Code:
System::Convert::ToString(wordone != NULL)


Obviously, wordone != NULL will always return true in your program... so the result of mapping true to a string yields "True". Now you can see where your output is coming from .


As for how to fix it... I don't know what the data type of tbPrac->Text is, but seeing as you're using std::ifstream, I'll assume it's compatible with std::string. Maybe try something like this instead:

Code:
using std::string;
...
tbPrac->Text = string(wordone) + string(" ") + string(wordtwo) + string(" ") + string(wordthree);


As a footnote, this would probably all be cleaner (and more robust) if you dropped the char* (char[]) objects entirely and used std::string from the beginning:

Code:
using std::string;
...
// use std::string instead of char[50]
string wordone, wordtwo, wordthree;
...
// all of the file reading code stays the same, but now you read from the std::ifstreams directly into std::string objects instead.  this way you don't have to worry about buffer overflow if the word happened to be greater than 49 characters.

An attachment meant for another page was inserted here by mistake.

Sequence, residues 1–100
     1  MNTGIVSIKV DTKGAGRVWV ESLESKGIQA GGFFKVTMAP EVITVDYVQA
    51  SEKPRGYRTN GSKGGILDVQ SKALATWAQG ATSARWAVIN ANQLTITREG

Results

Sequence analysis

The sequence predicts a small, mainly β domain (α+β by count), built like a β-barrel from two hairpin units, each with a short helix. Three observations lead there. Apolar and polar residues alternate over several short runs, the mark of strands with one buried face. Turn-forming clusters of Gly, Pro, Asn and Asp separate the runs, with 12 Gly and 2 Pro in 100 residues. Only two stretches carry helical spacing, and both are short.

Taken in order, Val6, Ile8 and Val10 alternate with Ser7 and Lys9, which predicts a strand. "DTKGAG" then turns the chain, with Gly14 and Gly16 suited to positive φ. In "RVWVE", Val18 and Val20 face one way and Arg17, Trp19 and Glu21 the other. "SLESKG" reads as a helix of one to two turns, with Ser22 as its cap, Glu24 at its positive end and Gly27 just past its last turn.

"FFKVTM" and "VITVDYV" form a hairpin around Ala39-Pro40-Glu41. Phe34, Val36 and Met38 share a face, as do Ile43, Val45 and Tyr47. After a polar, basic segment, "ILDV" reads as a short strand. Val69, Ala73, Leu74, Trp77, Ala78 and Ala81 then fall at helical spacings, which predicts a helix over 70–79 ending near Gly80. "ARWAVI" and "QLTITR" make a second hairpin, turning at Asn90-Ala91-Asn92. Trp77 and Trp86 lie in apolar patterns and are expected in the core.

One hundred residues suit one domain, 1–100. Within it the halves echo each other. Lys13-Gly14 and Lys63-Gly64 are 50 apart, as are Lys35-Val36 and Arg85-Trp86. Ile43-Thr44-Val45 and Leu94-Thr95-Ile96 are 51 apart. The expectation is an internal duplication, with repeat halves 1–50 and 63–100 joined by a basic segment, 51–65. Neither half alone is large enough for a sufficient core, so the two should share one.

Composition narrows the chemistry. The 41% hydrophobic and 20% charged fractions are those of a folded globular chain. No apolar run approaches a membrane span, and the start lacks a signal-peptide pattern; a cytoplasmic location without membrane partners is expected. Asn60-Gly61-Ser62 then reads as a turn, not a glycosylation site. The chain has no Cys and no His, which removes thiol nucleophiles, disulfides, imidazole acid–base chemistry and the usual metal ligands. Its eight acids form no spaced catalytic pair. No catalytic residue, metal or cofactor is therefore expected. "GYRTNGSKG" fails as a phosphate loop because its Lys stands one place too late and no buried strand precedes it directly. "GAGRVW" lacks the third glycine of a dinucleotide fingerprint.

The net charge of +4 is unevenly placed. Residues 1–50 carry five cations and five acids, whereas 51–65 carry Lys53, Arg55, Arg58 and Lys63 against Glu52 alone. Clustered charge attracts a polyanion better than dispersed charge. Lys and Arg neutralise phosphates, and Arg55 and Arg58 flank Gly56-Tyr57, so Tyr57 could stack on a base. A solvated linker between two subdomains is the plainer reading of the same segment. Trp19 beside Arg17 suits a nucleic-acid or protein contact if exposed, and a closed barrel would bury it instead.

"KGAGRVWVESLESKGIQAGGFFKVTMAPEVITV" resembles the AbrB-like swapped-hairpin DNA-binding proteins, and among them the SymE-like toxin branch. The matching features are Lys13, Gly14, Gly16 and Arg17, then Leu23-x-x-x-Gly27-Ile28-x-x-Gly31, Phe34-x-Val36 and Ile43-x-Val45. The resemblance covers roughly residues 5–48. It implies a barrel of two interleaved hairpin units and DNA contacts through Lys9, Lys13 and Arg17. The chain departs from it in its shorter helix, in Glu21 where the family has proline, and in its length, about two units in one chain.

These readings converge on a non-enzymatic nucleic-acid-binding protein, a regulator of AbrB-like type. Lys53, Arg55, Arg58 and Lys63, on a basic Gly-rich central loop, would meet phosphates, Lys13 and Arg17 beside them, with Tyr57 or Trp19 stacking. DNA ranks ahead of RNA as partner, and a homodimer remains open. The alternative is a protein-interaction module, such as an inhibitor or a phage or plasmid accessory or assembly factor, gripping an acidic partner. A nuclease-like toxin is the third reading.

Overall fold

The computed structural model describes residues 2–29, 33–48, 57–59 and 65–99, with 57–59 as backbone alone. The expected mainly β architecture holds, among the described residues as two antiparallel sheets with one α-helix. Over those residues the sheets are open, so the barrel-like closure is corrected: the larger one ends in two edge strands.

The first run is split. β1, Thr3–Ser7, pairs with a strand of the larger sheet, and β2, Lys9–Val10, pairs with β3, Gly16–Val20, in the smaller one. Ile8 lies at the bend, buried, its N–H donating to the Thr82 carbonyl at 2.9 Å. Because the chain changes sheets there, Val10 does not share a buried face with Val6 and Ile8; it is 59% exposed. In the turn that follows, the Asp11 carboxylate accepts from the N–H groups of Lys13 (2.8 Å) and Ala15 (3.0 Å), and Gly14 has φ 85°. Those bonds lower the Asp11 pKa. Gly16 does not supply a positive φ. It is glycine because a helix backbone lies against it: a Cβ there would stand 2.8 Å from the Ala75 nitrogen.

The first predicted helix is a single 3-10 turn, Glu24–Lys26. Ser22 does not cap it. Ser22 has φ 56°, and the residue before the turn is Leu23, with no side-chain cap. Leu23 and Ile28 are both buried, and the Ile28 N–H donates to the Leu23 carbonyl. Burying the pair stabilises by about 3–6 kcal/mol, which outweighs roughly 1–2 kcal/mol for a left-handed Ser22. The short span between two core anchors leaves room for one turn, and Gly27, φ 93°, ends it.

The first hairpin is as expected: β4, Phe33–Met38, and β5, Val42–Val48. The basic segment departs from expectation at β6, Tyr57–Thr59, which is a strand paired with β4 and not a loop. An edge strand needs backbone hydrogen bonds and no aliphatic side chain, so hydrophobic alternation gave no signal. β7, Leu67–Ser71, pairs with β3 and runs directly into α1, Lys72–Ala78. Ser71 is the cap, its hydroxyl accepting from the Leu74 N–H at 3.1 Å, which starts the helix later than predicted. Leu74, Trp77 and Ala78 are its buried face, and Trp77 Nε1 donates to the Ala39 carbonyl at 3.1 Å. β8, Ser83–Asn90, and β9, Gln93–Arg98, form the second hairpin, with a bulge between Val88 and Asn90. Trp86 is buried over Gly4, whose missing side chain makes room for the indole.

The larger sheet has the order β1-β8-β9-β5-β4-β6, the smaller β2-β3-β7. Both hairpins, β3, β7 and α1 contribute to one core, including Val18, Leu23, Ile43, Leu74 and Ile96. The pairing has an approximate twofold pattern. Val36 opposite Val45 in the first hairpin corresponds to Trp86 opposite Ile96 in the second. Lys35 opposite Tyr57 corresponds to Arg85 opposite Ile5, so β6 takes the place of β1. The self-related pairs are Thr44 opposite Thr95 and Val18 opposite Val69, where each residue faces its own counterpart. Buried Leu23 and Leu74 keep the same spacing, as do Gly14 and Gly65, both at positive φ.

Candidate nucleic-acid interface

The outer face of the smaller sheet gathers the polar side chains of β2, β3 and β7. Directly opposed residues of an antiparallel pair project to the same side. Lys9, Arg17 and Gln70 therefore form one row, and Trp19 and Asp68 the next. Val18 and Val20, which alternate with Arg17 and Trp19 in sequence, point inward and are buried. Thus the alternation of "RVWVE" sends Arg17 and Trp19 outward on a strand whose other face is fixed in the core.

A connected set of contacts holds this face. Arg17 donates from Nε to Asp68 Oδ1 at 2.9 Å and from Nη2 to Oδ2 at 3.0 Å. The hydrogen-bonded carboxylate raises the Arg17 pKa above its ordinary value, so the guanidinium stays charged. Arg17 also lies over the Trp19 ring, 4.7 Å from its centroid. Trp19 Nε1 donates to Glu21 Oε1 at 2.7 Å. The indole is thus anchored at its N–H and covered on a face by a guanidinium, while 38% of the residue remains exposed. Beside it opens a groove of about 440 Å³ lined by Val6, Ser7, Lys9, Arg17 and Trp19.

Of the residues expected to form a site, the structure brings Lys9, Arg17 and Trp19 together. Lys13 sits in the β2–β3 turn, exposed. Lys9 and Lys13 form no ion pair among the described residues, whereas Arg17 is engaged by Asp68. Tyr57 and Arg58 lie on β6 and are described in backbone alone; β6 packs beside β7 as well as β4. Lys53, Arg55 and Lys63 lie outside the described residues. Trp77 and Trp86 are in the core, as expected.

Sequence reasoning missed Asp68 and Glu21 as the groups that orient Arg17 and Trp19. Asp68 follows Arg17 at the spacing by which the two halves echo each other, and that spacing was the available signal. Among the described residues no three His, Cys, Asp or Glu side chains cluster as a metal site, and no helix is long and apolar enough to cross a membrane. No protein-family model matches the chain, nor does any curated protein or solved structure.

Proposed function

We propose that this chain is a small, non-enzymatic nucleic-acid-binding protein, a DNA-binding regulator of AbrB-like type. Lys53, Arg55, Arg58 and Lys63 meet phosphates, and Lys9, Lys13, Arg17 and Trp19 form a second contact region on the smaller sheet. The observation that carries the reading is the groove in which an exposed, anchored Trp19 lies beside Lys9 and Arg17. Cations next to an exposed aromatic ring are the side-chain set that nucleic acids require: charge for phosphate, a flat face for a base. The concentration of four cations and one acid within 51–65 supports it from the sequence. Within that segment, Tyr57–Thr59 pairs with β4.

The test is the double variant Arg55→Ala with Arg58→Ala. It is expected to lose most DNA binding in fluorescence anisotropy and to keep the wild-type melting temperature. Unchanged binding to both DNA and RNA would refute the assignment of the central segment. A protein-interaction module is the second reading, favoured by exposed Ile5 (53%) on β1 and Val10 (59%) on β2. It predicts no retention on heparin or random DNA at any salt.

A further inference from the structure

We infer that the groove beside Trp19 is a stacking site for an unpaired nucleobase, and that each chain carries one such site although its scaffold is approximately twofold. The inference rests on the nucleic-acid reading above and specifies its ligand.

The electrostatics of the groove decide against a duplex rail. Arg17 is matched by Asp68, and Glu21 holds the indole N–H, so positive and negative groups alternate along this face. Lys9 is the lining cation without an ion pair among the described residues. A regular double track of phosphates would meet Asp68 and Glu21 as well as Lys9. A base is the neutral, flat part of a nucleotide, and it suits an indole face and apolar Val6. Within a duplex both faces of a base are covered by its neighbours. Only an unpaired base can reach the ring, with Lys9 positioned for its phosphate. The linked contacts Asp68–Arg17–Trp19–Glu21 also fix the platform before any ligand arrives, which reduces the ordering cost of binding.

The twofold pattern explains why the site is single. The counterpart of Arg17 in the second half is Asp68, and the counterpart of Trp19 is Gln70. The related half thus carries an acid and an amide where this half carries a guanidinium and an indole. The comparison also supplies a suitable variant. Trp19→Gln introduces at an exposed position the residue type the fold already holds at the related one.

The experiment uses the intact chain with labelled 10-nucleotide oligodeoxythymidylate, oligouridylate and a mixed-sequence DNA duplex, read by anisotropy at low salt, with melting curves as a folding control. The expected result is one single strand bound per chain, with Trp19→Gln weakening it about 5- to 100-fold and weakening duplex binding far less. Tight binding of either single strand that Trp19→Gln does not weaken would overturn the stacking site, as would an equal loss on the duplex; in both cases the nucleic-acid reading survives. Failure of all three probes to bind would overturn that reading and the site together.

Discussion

...
// because you're already using std::string objects, you don't need to manually convert your char arrays to std::strings during the concatenation.
tbPrac->Text = wordone + " " + wordtwo + " " + wordthree;

Good luck!
-Thinias

Last edited by Thinias : May 14th, 2015 at 02:13 AM.

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  #3  
Old May 14th, 2015, 10:15 AM
MuckingFedic MuckingFedic is offline
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Thumbs up

Wow. Thank you. I just got an answer to this question on another forum today too but yours is a 100x more in depth. I really appreciate you taking your time writing this out for me. I actually understand what is going on now.

As for the solution, the guy in the other forum had me do something else. I'll post his solution as soon as I get to a desktop.

Thank You Bud So Much.
You're an amazing human ♡